So as a new year begins here, I look into the faces of my now small crew of grey muzzled chums and feel a kinship beyond the years we’ve shared together. I also share their genuine loss of pack members for whom they have grieved just as much as I, and in who’s loss they also share a deep and heartsick pain. Anyone who has only known dogs in relation to themselves and not as part of a bonded pack has greatly missed out on experiencing the full depth of devotion, loyalty, and emotion our creator has bestowed upon this domestic creature we call “dog”. I feel blessed to have known a time before the world went crazy, when multiple dog owners like Albert Payson Terhune (who typically owned upwards of fifty Collies) were revered for their knowledge of and kinship with dogs, and inspired their readers to explore the love of canines as owners, fanciers, and admiring pack leaders.

Of course, as I look back, it is also proper to look forward, and despite a changing world marked by treacherous times and a majority of humans displaying a shocking degree of inhumanity toward one another (and far too often thinly veiled as some sort of feigned righteousness on behalf of dogs, no less), I am heartened to have dear friends, wonderful domestic animals, and the knowledge of a better world ahead.

My dairy goats will be kidding this spring, giving the dogs additional responsibilities in the work they love — not to mention a greater supply of the milk they thrive on. One of my hens is already looking “broody” and will likely be raising some new chicks within the next few months. The ducks are now outside, having feathered out in plenty of time to acclimate safely to the colder winter weather. Life, as they say, does go on.

The newest little light of joy that has entered my household has come from my dear friend Luella Thomsen of Cinder Glo Shelties. Knowing how much I admire her beautiful Musashi son, Ch. Wildoak Chisterling Timberlake, she determined that I would have pick of the litter from him and Luella’s beautiful Memorandum and Analyze This granddaughter, Connie. Of course, the litter had not even been conceived at the time, so when a most stunning little sable guy eventually entered into the world last fall, it surely seemed a match meant to be.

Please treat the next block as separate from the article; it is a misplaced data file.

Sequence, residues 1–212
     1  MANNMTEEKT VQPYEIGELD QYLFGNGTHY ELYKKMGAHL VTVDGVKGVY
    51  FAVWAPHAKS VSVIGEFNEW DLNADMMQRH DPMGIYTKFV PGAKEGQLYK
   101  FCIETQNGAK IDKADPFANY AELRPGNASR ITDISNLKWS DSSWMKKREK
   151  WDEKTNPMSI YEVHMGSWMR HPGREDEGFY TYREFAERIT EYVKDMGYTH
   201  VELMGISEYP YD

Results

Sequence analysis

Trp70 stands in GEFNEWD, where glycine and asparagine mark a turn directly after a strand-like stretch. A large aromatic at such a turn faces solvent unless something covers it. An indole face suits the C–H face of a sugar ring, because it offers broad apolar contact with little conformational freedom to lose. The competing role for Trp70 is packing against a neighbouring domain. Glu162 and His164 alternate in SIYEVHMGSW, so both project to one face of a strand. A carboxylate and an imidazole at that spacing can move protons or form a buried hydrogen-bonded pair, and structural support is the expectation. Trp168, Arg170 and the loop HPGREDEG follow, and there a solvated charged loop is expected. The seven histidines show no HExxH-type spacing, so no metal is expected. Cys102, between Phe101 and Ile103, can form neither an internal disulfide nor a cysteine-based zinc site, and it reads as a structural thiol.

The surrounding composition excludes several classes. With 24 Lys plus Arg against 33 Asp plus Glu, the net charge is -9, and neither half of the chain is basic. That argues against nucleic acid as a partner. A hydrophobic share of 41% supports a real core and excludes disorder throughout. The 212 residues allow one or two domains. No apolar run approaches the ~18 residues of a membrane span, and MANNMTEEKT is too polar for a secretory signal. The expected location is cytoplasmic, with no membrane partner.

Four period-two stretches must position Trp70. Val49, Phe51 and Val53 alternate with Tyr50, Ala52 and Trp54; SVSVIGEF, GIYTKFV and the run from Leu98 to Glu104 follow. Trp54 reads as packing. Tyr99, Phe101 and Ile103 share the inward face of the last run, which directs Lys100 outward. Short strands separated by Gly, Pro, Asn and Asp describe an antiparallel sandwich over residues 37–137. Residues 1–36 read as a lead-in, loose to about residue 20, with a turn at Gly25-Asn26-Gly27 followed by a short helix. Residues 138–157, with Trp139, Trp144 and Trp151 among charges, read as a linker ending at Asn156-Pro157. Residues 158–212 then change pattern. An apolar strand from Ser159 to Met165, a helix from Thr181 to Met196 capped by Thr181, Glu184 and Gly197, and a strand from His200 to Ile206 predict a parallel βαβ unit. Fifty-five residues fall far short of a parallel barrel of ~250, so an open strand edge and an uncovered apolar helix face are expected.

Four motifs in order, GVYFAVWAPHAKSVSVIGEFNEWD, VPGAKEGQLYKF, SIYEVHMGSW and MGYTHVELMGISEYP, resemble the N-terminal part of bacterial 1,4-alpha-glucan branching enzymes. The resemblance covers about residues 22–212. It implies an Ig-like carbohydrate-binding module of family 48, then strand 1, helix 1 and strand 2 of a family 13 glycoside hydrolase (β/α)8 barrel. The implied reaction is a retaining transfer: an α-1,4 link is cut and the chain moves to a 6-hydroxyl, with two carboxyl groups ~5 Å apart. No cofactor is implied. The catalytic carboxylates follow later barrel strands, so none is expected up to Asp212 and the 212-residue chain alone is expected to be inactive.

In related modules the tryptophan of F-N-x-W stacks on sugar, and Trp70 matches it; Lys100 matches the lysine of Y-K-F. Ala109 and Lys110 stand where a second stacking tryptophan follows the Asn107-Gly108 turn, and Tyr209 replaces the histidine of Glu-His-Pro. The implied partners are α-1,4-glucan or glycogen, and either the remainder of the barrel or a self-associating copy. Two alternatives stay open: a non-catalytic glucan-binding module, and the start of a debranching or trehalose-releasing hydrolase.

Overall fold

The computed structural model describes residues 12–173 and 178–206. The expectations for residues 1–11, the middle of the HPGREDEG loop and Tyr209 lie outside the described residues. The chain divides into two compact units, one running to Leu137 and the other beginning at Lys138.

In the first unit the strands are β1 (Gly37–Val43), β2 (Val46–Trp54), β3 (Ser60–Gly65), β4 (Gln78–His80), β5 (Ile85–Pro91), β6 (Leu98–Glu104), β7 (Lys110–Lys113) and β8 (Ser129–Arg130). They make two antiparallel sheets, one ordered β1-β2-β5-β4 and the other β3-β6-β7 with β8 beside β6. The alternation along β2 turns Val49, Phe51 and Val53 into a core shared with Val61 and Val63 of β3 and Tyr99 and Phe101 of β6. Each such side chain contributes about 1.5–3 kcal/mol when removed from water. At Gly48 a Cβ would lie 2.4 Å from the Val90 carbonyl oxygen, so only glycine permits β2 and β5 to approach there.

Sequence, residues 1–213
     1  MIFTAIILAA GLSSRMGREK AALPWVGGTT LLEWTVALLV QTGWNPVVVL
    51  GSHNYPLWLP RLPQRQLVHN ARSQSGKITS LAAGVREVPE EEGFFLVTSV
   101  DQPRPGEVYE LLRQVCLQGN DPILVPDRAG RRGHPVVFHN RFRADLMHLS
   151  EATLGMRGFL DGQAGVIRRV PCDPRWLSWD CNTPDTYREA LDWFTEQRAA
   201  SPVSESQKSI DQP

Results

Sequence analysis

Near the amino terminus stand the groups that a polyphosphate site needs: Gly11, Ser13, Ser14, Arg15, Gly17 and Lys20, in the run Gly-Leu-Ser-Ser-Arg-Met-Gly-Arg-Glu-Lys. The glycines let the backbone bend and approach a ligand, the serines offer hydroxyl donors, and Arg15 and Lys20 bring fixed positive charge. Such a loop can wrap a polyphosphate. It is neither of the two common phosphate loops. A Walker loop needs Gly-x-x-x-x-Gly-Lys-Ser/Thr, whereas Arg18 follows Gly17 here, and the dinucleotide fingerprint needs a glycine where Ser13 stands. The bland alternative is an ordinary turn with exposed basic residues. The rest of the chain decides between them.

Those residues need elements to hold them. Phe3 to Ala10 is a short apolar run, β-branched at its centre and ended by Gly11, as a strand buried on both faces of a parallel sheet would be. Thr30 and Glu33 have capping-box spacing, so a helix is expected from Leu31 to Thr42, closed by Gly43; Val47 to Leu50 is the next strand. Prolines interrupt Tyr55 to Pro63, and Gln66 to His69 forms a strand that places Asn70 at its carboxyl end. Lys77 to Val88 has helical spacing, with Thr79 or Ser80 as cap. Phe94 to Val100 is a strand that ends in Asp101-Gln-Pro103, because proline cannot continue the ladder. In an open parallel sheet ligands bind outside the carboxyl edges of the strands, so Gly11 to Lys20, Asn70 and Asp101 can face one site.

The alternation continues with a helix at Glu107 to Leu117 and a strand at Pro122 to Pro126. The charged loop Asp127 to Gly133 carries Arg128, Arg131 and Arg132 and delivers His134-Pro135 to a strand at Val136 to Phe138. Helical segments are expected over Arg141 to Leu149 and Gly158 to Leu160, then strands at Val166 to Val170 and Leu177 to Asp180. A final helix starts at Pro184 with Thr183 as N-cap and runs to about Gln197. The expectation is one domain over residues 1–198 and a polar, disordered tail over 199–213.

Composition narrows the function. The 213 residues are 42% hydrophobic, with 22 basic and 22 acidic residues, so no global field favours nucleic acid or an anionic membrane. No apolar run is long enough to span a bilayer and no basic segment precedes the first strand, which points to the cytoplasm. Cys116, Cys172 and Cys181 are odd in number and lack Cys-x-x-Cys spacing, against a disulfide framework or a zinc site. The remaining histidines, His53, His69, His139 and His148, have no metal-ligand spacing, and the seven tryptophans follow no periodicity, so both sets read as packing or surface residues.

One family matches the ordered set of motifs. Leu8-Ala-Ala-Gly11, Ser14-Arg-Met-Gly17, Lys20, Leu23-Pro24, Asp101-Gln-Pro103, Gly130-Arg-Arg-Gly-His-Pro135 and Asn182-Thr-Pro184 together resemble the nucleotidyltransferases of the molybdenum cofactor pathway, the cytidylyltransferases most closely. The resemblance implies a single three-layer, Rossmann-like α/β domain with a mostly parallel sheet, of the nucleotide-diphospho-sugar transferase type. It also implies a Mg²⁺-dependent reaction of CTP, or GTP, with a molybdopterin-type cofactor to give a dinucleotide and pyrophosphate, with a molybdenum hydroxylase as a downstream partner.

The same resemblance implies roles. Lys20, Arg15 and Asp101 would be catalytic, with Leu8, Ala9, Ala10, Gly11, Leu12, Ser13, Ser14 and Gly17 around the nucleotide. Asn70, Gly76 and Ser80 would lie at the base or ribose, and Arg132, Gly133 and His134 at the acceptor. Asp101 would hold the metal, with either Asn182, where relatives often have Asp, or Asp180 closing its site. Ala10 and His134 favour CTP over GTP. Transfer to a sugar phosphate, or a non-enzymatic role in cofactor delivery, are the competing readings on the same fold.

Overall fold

The story of his amazing plight, first to survive, and then to ultimately find his way here despite horrifying airline mishaps over the December holiday period is a blog onto itself. Yet he bounced happily into my arms and into my life with all the curiosity, trust, and sweet puppy breath his heritage promised. Hopefully he will never need to learn that the world is a treacherous place full of sociopaths and animal-terrorists, but be only secure and happy as a more peaceful future stands solidly before us.

Chekia Cinder Glo Teddy Bear is appropriately call named “Paddington” as the well known bear who arrived in London with the tag, “Please look after this bear” is a most fitting namesake for him. His honorary grandparents, London and Sarah, are seeing that he thrives as the sole youthful pack member. Already insightful beyond his mere weeks of age, little Paddington takes all things in stride, and encourages me to do likewise as he plays, cuddles, and looks knowingly into my eyes with his soft and endearing Sheltie expression. Life, indeed, does go on, and is enduringly precious.

Dog Sense 101

Terry and Trust

by Terry Thistlethwaite

Standing in line to pay the electric bill the other day, my Collie service dog, Trust, engendered the attention of a well dressed gentleman with a delightful Yorkshire accent. “He’s obviously aware of everything going on, but his full attention is on you.” he was impressed to tell me. “How do I get my dog to pay more attention to me and not get so involved with everything he smells out there when we’re on a walk? So many times I just end up dragging him and I hate to do that.” His question reminded me that so much those of us who live closely with our dogs take for granted as basic socialization and training is still very much a mystery to the average one or two dog owner. Any breeder who’s ever stepped into a show ring well knows how to get their dog’s attention, and any disabled person who’s trained their own service dog well know’s how to keep their dog interested in watching them. Similarly, those of us who own livestock could scarcely function on a day to day basis without our dogs understanding the type and degree of attention to maintain around these animals. Yet all of this is increasingly lost on a society that still maintains a basic love for dogs, but has sadly all but lost the basic understanding and communication skills which would have rendered people fully unable to survive in our great grandparent’s day.